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Molecular ‘bucket list’ for renal cancer

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In the case of tubulo versus sans tubulo, Dr. Hirsch says using the latter term is confusing, “obviously because of the clear cell and papillary cell subtypes. The word ‘tubulo’ makes it very distinct in my mind and the clinician’s mind that this is a different subtype.”

Since this subtype was first recognized about five years ago, the cards have been reshuffled a bit, Dr. Hirsch says. The tumor can be separated from traditional clear cell and papillary renal cell carcinomas. And where traditional thinking has considered clear cell renal cell carcinoma as being the most common, followed by papillary, then chromophobe, Dr. Hirsch is convinced that the incidence of clear cell tubulopapillary is higher than that of chromophobe and might even approach that of papillary renal cell carcinoma. “We think of papillary renal cell carcinoma being 10 to 15 percent of renal cell carcinomas; I would say the clear cell tubulopapillary renal cell carcinomas [are] definitely five to 10 percent, if not more, of cases.” The majority of renal cell carcinomas—some 70 percent—are conventional/clear cell RCC.

Pathologists have learned more about the morphologic features of the tubulopapillary tumor, for starters. And whereas clear cell renal cell carcinoma has a chromosome 3p loss, and papillary renal cell carcinomas have extra chromosome copies (i.e. trisomes, often with chromosomes 7 and/or 17), none of these chromosomal changes occur in the clear cell tubulopapillary renal cell carcinoma.

“In prior years, we didn’t even realize this tumor existed,” Dr. Hirsch says. “Now I’m finding this a very frequent tumor. As I go back through my files of renal tumors, I see cases of clear cell tubulopapillary carcinoma that were originally misdiagnoses, and now we see this tumor not infrequently on a routine diagnostic basis. It’s growing in incidence, simply based on recognition.”

While these cases are labeled as carcinoma, Dr. Hirsch says, “We think clear cell tubulopapillary renal cell carcinoma is an indolent lesion. It’s a much better behaving renal cell neoplasm. For that reason, teasing it out is really important. These patients have been dubbed with a carcinoma, and that’s scary for them, and they may lose life insurance, and they may get too many CT scans during routine clinical follow-up. But in the end they really have this very low-grade, indolent, probably benign tumor. And they could have had it taken out and just been told that they’re cured. Which is a completely different emotional situation for that patient.”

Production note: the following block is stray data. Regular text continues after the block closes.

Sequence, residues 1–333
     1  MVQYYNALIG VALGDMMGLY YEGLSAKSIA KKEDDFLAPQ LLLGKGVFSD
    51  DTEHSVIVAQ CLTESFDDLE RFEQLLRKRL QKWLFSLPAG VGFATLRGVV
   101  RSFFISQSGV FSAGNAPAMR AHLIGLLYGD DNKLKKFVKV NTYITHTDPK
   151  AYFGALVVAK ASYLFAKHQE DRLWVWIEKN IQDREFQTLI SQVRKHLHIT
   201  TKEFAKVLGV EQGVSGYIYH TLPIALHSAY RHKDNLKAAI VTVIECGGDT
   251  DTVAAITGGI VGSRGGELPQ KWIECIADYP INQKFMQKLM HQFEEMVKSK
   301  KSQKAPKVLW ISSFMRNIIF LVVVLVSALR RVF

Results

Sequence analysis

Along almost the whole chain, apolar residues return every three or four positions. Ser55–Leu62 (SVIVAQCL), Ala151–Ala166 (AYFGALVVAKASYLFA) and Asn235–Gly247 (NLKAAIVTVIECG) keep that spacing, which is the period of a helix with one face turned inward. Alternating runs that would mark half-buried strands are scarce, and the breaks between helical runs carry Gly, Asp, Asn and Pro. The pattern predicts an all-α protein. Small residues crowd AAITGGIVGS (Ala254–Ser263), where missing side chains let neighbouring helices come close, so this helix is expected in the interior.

Clear cell RCC is anything but clear, as it turns out. “It is a very complex disease,” says Dr. Merino. “And it’s clear we don’t know how to subclassify them according to the genetic changes. It’s possible, with clear cell carcinomas, that we have to do more molecular analysis.” Moreover, she says, “The translocation tumors are tumors that we still don’t know how to recognize very well. Because they have some clear cells, many people would just call them clear cell, when they’re not clear cell. They’re translocation tumors.”

Dr. Reuter offers another example from the TCGA study: Some genomic abnormalities present in chromophobe renal cell carcinomas—tumors that normally have a good prognosis—are associated with poor outcome. “So even within tumors that do well, we can identify features that would predict worse outcome,” he says. “But equally, if those are not present, they predict a good outcome.”


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